1545–47, 1551–52, 1562–63, 19th ecumenical council of the Roman Catholic Church, convoked to meet the crisis of the Protestant Reformation. Earlier efforts at reforming the church had already produced the Fifth Lateran Council (1512–17), but it had proved ineffectual. The rise of Lutheranism brought forth a church-wide reaction that was strongly anti-Lutheran. It hoped for a new council, and when Paul III was elected pope in 1534 such a council seemed assured (see Counter Reformation). The obstacles, however, took 10 years to overcome, for now that a known reformer was pope, those opposing reform were not eager for a meeting.
The Protestants at first stipulated that it be held in Germany, while the pope insisted on an Italian venue. Mantua was chosen, but its duke refused; then Venice prevented a meeting at Vicenza. Finally Trent, an imperial city, almost in Italy, was selected as a compromise between the papal party and that of Holy Roman Emperor Charles V. There was an abortive start in 1542.
In 1544 the pope convened the council definitively. There were no Protestant delegates. The work of the council embraced dogmatic definition and correction of abuses, and it was so planned that discussion of doctrine and of reforms of practices could be carried on at the same time. The 10 years of delay bore good fruit, for the reformers arrived at the council intensively prepared in every question likely to be studied. The chief functions of the council were occasional solemn one-day sessions (25 in all, of which 10 dealt with formalities only) for the purpose of making the final decisions and declarations; the hard work of the council was done at informal, sometimes private, meetings. The council met at first in three great committees, later as a whole.
As with every ecumenical council since antiquity, the presence of the pope or his legates was required, and at Trent they drew up the agenda. The sessions of the council fell into three periods: 1–10 (1545–47), under Paul III; 11–16 (1551–52), under Julius III; and 17–25 (1562–63), under Pius IV. The two great interruptions were chiefly occasioned, first, by an impasse over the place of meeting after most of the bishops had left Trent for fear of the plague (1547), and, second, by the lack of interest of Paul IV (1555–59). Furthermore, the swiftly changing events of German politics often made delays seem wise. The numbers attending the council varied; in the first group of sessions there were less than 200, in the second group somewhat less, and in the third considerably more.
The work of the council was confirmed by Pius IV (in the papal bull Benedictus Deus, 1564), and its most important prescription, the issuance of an explicit account of the beliefs of the church, was fulfilled by the publication (1566) of the Catechism of the Council of Trent, or Roman Catechism (which, in fact, was not catechetical but descriptive in form). The dogmatic definitions and the reform decrees of the first group of sessions treated the Scriptures (canon, text, interpretation, and function), original sin, justification, the sacraments in general, baptism, and confirmation; and also the regulation of education, preaching, and alms collecting and the duties and obligations of bishops and beneficiaries. The canons on justification (6th session), the product of seven months of discussion, are among the chief work of the council.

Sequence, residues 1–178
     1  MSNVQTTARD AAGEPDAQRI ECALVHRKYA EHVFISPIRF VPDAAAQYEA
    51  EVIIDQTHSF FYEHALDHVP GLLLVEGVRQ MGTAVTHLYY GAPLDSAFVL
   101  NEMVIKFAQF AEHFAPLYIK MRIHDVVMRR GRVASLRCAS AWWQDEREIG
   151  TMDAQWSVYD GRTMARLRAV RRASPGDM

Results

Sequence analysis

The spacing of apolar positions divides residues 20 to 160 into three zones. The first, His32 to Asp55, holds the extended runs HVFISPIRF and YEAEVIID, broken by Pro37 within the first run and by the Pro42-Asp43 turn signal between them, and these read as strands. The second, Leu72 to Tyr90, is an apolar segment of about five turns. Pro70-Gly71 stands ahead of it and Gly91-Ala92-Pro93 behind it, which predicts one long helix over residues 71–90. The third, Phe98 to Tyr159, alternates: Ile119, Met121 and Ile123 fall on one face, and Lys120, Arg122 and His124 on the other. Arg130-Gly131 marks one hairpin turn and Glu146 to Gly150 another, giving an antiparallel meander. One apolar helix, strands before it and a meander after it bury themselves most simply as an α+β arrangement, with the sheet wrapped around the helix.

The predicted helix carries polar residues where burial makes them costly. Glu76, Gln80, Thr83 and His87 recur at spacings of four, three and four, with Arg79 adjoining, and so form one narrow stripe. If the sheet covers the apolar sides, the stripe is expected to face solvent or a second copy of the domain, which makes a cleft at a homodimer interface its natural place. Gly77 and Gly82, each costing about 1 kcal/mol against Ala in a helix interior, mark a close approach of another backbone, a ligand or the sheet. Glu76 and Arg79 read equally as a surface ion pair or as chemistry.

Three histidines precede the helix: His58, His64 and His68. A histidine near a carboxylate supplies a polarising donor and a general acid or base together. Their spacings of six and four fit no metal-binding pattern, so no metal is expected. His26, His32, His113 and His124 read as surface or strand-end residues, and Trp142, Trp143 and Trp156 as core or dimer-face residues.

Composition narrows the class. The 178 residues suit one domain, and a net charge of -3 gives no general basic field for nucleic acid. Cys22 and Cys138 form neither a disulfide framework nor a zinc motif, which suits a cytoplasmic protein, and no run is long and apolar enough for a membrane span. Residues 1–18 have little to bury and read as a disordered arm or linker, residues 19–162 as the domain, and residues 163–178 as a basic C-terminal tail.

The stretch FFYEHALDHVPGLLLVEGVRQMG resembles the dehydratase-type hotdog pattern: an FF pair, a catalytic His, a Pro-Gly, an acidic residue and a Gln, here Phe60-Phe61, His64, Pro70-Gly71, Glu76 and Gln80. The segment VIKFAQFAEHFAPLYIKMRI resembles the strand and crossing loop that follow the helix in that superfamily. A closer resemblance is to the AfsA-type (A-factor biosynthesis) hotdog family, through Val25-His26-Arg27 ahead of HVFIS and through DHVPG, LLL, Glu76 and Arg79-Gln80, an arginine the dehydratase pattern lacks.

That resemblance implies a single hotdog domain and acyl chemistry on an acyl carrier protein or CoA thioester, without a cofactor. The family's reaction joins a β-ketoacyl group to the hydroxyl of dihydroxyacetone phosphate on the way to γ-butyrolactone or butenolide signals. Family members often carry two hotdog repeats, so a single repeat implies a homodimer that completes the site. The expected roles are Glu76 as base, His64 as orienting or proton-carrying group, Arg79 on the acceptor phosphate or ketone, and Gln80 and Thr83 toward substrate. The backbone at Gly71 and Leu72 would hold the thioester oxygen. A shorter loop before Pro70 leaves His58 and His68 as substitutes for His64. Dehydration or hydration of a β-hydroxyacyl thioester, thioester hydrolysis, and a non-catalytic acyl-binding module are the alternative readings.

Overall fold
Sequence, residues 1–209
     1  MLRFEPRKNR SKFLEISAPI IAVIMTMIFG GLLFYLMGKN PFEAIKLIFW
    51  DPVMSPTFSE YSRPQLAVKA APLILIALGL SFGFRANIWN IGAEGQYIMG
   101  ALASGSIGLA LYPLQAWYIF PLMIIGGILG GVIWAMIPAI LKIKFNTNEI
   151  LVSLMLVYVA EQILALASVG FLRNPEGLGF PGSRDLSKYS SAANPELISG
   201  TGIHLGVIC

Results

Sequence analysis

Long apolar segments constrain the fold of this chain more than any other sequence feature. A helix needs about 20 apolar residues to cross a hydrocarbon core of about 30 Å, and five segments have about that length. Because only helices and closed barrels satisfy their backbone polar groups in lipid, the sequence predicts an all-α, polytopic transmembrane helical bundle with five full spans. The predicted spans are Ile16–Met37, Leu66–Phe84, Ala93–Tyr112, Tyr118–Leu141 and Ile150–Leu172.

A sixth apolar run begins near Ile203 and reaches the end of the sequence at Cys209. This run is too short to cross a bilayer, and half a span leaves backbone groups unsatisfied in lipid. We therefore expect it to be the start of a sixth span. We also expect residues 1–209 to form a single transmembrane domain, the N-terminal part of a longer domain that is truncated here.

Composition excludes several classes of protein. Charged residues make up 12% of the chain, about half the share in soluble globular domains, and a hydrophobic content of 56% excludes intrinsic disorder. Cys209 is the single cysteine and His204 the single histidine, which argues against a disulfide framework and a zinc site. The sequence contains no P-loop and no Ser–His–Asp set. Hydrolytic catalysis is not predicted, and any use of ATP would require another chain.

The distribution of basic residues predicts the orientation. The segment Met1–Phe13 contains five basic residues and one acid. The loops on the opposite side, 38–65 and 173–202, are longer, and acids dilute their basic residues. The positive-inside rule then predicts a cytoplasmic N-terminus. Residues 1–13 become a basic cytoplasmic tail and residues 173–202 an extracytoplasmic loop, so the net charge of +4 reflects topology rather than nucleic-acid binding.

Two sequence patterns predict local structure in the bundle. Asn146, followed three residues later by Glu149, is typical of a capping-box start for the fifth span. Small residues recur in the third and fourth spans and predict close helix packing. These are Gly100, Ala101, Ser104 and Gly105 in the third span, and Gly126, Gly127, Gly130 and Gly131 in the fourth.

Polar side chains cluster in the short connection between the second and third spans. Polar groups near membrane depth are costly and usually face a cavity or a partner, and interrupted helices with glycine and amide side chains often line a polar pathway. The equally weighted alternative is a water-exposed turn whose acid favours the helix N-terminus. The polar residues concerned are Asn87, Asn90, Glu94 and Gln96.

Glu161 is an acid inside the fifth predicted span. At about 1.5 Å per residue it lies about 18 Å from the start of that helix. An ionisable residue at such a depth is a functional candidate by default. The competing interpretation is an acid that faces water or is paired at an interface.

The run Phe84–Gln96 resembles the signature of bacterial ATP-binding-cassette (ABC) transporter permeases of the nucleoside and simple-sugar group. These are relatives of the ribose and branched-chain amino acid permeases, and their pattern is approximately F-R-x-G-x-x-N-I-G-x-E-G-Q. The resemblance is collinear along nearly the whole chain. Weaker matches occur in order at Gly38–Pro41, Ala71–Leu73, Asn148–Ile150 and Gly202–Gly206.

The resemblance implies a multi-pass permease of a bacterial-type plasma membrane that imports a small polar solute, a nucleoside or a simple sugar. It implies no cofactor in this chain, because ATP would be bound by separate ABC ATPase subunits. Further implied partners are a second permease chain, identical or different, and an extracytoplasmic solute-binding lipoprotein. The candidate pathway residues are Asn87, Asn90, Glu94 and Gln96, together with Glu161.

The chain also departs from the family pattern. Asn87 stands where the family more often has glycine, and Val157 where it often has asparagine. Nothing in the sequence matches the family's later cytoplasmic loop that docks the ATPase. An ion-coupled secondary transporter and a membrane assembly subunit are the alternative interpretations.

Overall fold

The second period of the council was notable for the work of the Jesuits, especially Diego Lainez. The subjects treated were the Eucharist, penance, extreme unction, episcopal jurisdiction and office, clerical discipline, and benefices. The third period was dominated by St. Charles Borromeo; its definitions and regulations covered communion in both kinds, the Mass, the sacraments of orders and matrimony, the veneration and invocation of the saints, the cult of relics and images, the list of forbidden books, the priesthood in all its phases, ecclesiastical foundations, education, marriage, religious orders, feasts and fasts, and the service books of the church.
The doctrinal canons of the Council of Trent cover most of the controverted points in Roman Catholic dogma, and the definitions are so clear and lucid that the language of the council is often quoted in definitions. The reform measures of the council were tremendously far-reaching and their enforcement was probably the most thoroughgoing reform in the history of the church. The Counter Reformation afterward was to a great extent occupied with carrying out the principles and requirements laid down at Trent. The modern Roman Catholic Church can be understood only in the light of the work of the Council of Trent.
- The most complete history is found in Ludwig Pastor's history of the popes; there is an English translation of the dogmatic canons and decrees and of the Roman Catechism, which includes much from the conciliar canons. See also , History of the Council of Trent (2 vol., tr. 1957–61).
- study by J. A. Froude (1896, repr. 1969).
- Trent: What Happened at the Council (2012). ,
1545-63 Nineteenth ecumenical council of the Roman Catholic Church, which provided the main impetus of the Counter-Reformation in Europe. It...
16th-century reformation that arose largely in answer to the Protestant Reformation; sometimes called the Catholic Reformation. Although the Roman Ca
In Roman Catholicism, efforts in the 16th and early 17th century to oppose the Protestant Reformation and reform the Catholic Church. Early efforts